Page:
In Part 1 of this article, we discussed the factors that led to the arrival of Institutional Investors in Bitcoin. With the relative improvement of sentiment over the past three years, it is time to understand whether there is real steel to this market ingenuity for BTC.
Data from Skew again suggested that in terms of Google trends, Bitcoin is only fractionally as popular as it was in 2017. On the other hand, CME BTC futures reached an Open-Interest of $1 billion for the first time last week. This is monumental development from an institutional point of view since CME caters to only high net worth and accredited traders.
Interest went up as attention followed Bitcoin
While the Open-Interest was a key indicator, eyes started to turn when popular investors started to throw in their hat for Bitcoin. The trend started with Paul Tudor Jones, Billionaire Hedge Fund Manager, commenting,
“I came to the conclusion that #btc was going to be the best of the inflation trades-the defensive trades. Bitcoin has a lot of characteristics of being an early investor in a tech company…it’s like investing with Steve Jobs and Apple.”
Such high praise coming from a personality who has spent over 40 years in the investment sector spoke volumes for the digital asset. After Jones’ remark, other people started to opine on this matter, and recently Stanley Druckenmiller, former chairman of Duquesne Capital, stated,
“Also, unlike gold which is the third-highest reserve assets that central banks own, I can’t imagine central banks, big Institutional investors, businesses, or multinational companies using it.”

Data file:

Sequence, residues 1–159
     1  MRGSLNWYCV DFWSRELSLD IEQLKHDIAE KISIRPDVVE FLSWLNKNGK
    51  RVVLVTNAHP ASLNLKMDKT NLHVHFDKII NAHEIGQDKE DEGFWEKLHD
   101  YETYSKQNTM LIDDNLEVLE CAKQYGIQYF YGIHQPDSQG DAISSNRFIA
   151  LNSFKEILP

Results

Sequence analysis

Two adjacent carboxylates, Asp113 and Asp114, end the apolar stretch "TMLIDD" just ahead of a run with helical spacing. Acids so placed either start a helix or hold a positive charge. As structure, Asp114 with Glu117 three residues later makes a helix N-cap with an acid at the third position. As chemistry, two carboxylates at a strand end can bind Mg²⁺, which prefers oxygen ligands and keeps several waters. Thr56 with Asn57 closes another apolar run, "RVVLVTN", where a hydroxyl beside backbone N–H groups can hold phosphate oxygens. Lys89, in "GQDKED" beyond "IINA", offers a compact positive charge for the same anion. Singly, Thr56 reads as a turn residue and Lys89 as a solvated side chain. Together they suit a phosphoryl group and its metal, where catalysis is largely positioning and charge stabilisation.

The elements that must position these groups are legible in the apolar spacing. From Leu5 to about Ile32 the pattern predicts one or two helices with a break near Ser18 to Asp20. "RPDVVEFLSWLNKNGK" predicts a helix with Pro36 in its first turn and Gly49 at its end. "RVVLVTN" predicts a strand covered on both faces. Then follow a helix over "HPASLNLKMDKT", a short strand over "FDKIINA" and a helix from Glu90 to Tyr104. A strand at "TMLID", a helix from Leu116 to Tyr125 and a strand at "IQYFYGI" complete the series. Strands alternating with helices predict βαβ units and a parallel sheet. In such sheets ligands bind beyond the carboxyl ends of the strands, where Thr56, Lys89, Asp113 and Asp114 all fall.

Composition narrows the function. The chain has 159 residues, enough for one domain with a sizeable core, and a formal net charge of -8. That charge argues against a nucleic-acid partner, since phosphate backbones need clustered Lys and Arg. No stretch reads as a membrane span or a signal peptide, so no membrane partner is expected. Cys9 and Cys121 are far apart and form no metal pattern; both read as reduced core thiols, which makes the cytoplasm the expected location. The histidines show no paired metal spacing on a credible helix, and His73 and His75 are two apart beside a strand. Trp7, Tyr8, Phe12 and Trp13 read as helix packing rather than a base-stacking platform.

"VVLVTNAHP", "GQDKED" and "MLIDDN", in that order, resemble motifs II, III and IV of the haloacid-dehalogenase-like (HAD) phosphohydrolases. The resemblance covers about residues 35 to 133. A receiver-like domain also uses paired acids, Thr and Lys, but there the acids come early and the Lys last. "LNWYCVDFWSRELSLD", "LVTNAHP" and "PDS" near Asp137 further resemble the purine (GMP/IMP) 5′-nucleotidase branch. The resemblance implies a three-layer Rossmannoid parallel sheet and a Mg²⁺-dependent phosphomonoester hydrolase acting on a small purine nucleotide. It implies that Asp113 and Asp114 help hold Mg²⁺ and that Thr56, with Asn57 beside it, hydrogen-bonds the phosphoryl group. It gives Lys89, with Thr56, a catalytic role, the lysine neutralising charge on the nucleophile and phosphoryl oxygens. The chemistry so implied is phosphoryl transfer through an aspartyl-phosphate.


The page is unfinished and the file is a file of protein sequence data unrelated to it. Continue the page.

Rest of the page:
Now, many of BTC’s critics often question the Gold-comparison because of its difference in market cap. However, institutional investors were in the mix and running, because of its genuine similarity, and to a certain degree, they noticed an improved version in Bitcoin.
Bitcoin-Gold: Numbers and Time don’t lie
To understand the comparison at a root level, we need to go back 50 years into the financial landscape. In the 1970s, Gold became a favored investment hedge. This was due to large economic uncertainty at that time, and other factors included,
- CPI Inflation was high, 7% hike per year
- Weak US dollar
- Oil prices jumped from $20 to $120 per barrel
In conclusion, investors did not trust holdings in cash and they moved their sights to gold. Hence, Gold turned into a popular ‘store of value’ and its price went up 24 times between 1970 and 1981.
The econometrics chart below explains Gold’s trajectory properly.
So, if an investor had bought Gold in 1970, and held it until now, they would experience a 55 times growth, which is very impressive.
However, let’s shift our focus to Bitcoin now.
Now, in 2020 the situation was a little too similar to the 1970s.
- There is a fear of inflation and debasement of fiat currencies
- China vs US internal struggles were not stable, or ideal
- Coronavirus spread is creating a major economic crisis
Now, the old school traders were looking at Gold again during this time, but BTC made a better case for itself.
Since its first halving in 2012, BTC has risen by a whopping 1400 times in less than 10 years, and continued to rise in 2020, amidst immense financial instability. There is no doubt about which asset had more momentum, and in terms of accessibility, Bitcoin took all the brownie points.
BTC is nowhere close to Gold’s market cap most definitely, but at the speed at which it is growing, the bridge will only get smaller with time.
Ignorance is not Bliss..at least with BTC
There is no doubt that institutional investors will continue to flow capital in BTC. According to a recent Citigroup, report, there is also a possible discussion now that Bitcoin may reach $300,000 by the end of 2021. The figure is absurd because it is another 1527% hike from the present valuation, in less than 24 months.
However, the investors are here to stay and we are at the beginning of a new chapter for Bitcoin.